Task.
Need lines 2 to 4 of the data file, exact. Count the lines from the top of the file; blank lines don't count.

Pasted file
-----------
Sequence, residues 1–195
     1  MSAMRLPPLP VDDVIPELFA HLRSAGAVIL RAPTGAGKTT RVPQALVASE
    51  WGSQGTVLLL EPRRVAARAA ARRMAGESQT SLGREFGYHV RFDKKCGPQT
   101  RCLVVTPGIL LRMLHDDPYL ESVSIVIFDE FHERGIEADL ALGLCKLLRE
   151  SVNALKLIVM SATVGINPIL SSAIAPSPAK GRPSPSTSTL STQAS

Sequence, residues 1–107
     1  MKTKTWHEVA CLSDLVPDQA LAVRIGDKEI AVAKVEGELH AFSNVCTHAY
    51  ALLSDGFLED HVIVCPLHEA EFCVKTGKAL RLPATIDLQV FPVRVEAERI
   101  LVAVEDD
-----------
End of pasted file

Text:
     1  MSAMRLPPLP VDDVIPELFA HLRSAGAVIL RAPTGAGKTT RVPQALVASE
    51  WGSQGTVLLL EPRRVAARAA ARRMAGESQT SLGREFGYHV RFDKKCGPQT
   101  RCLVVTPGIL LRMLHDDPYL ESVSIVIFDE FHERGIEADL ALGLCKLLRE